Our first honeymoon was everything you could want in a romantic getaway – a pressure-free and luxurious vacation in Paris. Our second honeymoon was anything but.
It happened when our older son, Jack, was diagnosed with Type 1 diabetes at the age of 11. The first night, as I stayed by Jack’s hospital bed, I thought I would never be able to take care of him or teach him how to care for himself through this complicated disease. I had watched a dear friend cope with Type 1 diabetes for 32 years and wondered how my little boy could endure it.
That dreadful night was just the beginning of the adventurous ride absurdly named “honeymoon phase”. There is nothing romantic and fun about trying to manage insulin levels while one’s pancreas pretends not to be diabetic and randomly pumps out insulin. I felt like I had been forced into the pilot’s seat of a small plane with trusting passengers behind me in the cabin and only three days of flight training.
One night I checked Jack’s bedtime sugar and I gave a correction because his level was 245. Within 30 minutes he appeared in our bedroom ashen, sweating, and shaking. I lept out of bed to grab what looked like an apparition in the doorway. The poor kid had tested on his own and his blood sugar was 38, an all-time low. This episode took two iterations of juice boxes over an hour interspersed with the requisite testing to restore him to a safe level for sleeping.
On nights like that one I always do a 3:00 am check. Every T1D parent knows the feeling, the horrendous pit in the stomach when walking over the threshold of the child’s room in the dark of night. I tickled my sleeping tween’s nose to elicit a movement and was happy when he swatted my hand away and uttered an unintelligible grunt of annoyance. We tested anyway and saw a number higher than optimal, but the prospect of Jack sleeping through a dangerous low had been averted for another night.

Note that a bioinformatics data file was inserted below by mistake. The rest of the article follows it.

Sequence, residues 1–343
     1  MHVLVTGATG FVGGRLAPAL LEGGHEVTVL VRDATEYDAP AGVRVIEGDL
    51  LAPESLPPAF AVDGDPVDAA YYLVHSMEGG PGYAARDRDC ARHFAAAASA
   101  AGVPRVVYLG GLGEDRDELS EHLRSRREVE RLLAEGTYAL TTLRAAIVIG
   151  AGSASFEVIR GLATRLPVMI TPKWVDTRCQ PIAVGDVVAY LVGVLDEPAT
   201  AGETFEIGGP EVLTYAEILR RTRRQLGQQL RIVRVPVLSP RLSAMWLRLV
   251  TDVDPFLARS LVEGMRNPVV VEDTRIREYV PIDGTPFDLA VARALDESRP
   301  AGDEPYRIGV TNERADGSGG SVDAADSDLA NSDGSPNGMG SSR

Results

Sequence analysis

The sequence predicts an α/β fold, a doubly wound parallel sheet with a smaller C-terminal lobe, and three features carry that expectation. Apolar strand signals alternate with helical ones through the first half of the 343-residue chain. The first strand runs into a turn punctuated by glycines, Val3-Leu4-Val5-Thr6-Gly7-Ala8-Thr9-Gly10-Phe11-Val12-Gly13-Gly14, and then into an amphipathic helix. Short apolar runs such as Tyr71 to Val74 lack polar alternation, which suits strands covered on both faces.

It’s like a battleground on a cellular level as my son’s pubescent body strives to grow while dealing with an erratic, failing pancreas. We meticulously count carbs and monitor his sugars, but we are often left staring at each other saying, “What the heck just happened?” In this unstable honeymoon period, there is no rhyme or reason to how Jack’s fragile pancreas behaves. I often feel like an elephant just sat down on one side of a see-saw delicately balancing carbs and insulin.
I’m sick of this see-saw and so is Jack. It is a bizarre idea to wait for an organ to peter out so we can reclaim sanity. If I could turn off his pancreas with the push of a button, I would do it so we could get on with our lives, but I can’t do that.
Winston Churchill said, “When you are going through hell, keep going.” That is what we’ll do, and we’ll aspire to do it with grace and fortitude to show Jack his foundation is unwavering. We’ve got our son’s back, and we’ll teach him how to catch himself before he falls. Someday, I want him to have his own honeymoon in Paris, when he’ll look back on this confusing chapter in his life with pride.
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